Paying the Price of Global Warming, One Degree at a Time

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A portrait of Dr. Mark Botton taken on April 5, 2017 in his office at Fordham Lincoln Center. (EMMA DIMARCO/THE OBSERVER).

By COSIMA BALLETTI-THOMAS
Contributing Writer

“We’re all in this together. So even if you are the most environmentally conscious person there is, if your neighbor and everyone else is not progressive then it sort of nullifies the goodness that [you] do. You have to get everybody into the lifeboat.” These are the words of Fordham College at Lincoln Center (FCLC) Professor of Biology, Dr. Mark Botton Ph.D.

Why should we care about the endangered animals, depleting stratospheric ozone, melting glaciers and rising sea levels? Because beyond individual forests and lakes and tundras, we are living in one vast ecosystem sustained by each and every organism and substance. This global ecosystem that is home to millions of species is being threatened by the phenomenon known as global warming.

Dr. Botton is a professor of biology in FCLC’s department of natural science and the co-director of the Environmental Science program. After receiving both a bachelors and masters degree in biology from Stony Brook University and Brooklyn College, Botton completed his PhD in zoology from Rutgers University. Aside from teaching, Dr. Botton focuses on coastal ecosystems, with his focal point being horseshoe crab biology and conservation.

While Dr. Botton’s profession does revolve around ecosystem and environmental conservation, he  acknowledges that there are global warming skeptics, commenting that “Nothing in science is ever an absolute truth. [But] the fact that you can find a few scientists who have differing opinions doesn’t nullify [something].” Truth is based on the evidence, and the evidence that the level of carbon dioxide in the atmosphere is rising is abundant. Rising carbon dioxide levels lead to rising global temperatures and sea levels because, according to Dr. Botton, “As things warm, the volume occupied by those molecules [increases] and contributes to [this] rise.”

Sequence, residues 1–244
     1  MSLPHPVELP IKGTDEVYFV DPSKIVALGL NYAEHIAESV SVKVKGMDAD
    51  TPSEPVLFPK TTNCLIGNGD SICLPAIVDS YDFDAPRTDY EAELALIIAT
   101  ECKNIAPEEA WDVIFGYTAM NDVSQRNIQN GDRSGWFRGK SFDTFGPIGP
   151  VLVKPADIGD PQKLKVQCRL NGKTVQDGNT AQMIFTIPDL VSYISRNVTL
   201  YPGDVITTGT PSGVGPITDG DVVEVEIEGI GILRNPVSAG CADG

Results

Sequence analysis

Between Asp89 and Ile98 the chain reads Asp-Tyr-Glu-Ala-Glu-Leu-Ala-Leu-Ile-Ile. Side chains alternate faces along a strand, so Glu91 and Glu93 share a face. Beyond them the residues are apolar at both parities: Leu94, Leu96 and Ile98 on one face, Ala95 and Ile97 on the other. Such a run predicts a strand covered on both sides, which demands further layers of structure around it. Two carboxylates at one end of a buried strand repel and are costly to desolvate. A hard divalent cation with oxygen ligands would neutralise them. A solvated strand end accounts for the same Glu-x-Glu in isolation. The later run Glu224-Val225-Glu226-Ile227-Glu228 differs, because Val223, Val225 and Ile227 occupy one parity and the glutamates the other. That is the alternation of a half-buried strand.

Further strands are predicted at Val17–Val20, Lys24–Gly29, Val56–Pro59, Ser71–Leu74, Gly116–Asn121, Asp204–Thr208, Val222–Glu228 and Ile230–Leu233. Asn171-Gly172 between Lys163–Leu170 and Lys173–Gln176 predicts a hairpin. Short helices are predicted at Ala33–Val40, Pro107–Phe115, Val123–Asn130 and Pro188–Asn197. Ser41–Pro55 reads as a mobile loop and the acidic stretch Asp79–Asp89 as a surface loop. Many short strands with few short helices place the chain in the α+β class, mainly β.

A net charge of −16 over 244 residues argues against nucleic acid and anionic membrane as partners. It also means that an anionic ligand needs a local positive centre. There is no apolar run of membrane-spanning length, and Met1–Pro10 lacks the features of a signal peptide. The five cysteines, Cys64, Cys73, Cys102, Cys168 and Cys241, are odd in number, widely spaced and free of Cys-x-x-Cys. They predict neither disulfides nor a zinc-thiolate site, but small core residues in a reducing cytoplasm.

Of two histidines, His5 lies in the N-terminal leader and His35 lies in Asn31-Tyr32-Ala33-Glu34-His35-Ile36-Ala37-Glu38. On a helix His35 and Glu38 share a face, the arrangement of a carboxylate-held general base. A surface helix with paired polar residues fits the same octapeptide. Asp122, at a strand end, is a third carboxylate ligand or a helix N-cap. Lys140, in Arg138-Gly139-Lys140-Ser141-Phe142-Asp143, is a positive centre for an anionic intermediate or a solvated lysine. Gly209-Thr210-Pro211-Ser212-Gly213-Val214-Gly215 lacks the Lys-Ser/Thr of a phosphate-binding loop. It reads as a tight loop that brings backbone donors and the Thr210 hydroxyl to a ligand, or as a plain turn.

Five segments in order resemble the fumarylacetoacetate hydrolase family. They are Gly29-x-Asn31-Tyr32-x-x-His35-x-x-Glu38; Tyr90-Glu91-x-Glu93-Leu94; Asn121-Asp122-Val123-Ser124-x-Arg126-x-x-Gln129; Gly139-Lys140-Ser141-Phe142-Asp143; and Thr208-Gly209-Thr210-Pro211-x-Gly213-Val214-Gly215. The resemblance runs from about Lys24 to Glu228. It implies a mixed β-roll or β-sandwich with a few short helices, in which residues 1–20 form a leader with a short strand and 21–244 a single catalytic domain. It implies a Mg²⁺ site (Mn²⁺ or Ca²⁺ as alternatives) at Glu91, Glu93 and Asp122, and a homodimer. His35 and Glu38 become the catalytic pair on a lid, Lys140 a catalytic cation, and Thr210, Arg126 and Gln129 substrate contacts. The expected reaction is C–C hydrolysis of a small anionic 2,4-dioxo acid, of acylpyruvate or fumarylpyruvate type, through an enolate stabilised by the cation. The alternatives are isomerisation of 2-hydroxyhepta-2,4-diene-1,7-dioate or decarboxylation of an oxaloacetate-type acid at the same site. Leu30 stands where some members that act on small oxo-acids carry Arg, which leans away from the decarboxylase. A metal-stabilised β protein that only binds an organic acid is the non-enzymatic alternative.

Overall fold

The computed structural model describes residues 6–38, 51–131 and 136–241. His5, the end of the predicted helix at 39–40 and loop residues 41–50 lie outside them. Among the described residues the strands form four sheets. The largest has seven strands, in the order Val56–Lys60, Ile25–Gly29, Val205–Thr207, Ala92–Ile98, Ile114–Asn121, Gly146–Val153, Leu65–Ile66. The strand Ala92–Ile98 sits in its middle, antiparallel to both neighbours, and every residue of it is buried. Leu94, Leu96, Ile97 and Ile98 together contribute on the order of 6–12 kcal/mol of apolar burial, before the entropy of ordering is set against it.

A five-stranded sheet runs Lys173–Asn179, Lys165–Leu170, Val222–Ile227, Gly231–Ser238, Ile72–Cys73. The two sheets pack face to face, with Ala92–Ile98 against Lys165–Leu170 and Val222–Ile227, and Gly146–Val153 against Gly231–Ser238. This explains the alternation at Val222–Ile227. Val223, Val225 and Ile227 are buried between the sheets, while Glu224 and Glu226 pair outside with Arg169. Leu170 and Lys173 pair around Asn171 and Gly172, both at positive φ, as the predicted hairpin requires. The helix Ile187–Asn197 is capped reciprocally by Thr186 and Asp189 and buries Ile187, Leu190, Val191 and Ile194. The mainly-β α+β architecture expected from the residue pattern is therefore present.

When prompted about why he thinks global warming skepticism exists, Dr. Botton explained, “In a glass of water you don’t notice rising sea levels because it’s such a small amount but in the oceans you deal with a huge amount of water [where] even a few degrees [causes] expansion. If you look at pictures, you can see that the glaciers are melting. I don’t think there’s any way you can spin it so that that’s not a true statement.”

More specifically, Dr. Botton delves into the eastern coast conversation on global warming, noting, “We’re a coastal city, we know what’s [going to] happen.” He furthers adds that with low-level areas such as Brooklyn, Queens and Staten Island, what might appear to be a miniscule change to the public eye can actually contribute heavily to the coastal environment, using Hurricane Sandy as an example. “The damage from these coastal storms cause inundation, flooding in areas that didn’t use to flood, and that’s true along the whole east coast.”